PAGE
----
Define Your Screening Criteria
At a minimum, this should include monthly income, credit score, criminal record and evictions. As a rule of thumb we recommend at least 3.5X the monthly rent in combined monthly gross income. This typically gives the tenant enough "breathing room" to pay their rent each month. You must enforce these criteria consistently and ensure they fully comply with Fair Housing laws. Otherwise you may be committing discriminatory screening practices.
List the Requirements in Your Rental Listing
Save time upfront by clearly listing your criteria in the listing description. This ensures that you attract individuals who fit the criteria. By including a statement like "All applicants are required to submit a rental application, show proof of income that is 3.5X rent and have at least 650 credit score", unqualified applicants will not bother applying.
Pre-screen Over the Phone
After receiving an application, arrange 10 minutes on the phone with the prospect. This is your opportunity to catch any red flags. You can ask questions about their current living situation, reasons for moving, preferred move-in date, monthly income, references from former landlords and employers, and other relevant details. This will guide the next steps.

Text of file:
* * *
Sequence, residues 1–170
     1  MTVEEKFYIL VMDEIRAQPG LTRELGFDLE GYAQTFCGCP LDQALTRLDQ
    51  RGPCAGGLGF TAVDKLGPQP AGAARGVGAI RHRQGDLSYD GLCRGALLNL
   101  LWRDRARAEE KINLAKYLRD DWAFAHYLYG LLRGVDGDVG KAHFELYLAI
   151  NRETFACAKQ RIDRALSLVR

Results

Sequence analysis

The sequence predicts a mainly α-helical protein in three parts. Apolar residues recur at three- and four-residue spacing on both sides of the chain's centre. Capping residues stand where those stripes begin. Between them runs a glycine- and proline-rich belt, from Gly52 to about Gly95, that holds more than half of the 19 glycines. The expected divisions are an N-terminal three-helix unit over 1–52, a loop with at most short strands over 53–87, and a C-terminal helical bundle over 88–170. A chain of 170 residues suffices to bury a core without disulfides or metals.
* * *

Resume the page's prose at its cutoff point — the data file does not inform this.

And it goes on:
Get to Know the Tenant at the Property Showing
Take the time to interact with the tenant personally. This face-to-face interaction allows you to gauge their behavior, professionalism, and interest in the property. If a tenant exhibits tardiness, unpreparedness, rudeness, or disinterest, it might be a red flag to reconsider their suitability.
Require a Rental Application
Rental applications formally indicate a tenant's interest in your property. Ensure that you gather necessary information such as employment history, residence history, references, and details regarding smoking, pets, rent payment history, evictions, and bankruptcies. Thoroughly reviewing these applications provides valuable insights into the tenant's background.
Reach Out to a Tenant's Employer
This is a great low-tech and free method to verify their employment status and income. Always find a phone number online for their employer. Requesting pay stubs, W-2 forms, or bank statements can further support income verification but they are easy to falsify today.
Contact Prior Landlords
Previous landlords have valuable information about the prospect's rental history. Inquire about their rent payment punctuality, unit maintenance, cleanliness, and general behavior. You should contact the current and previous landlords to obtain a complete picture of the tenant's rental track record.
Analyze Credit Report and Background Check
Credit reports use previous payment history to predict their future financial responsibility. Set a minimum acceptable score and stick to it. Don't forget to run a background check, no matter how nice they seem. It helps you protect your property and neighbors from criminals. We like this one
Accept or Deny Tenants
After considering all the information you gathered in this checklist, make a decision to accept or deny. Be decisive and immediately communicate to the applicant. If you'd like or if your local laws require it, you may provide some details about why you denied an applicant.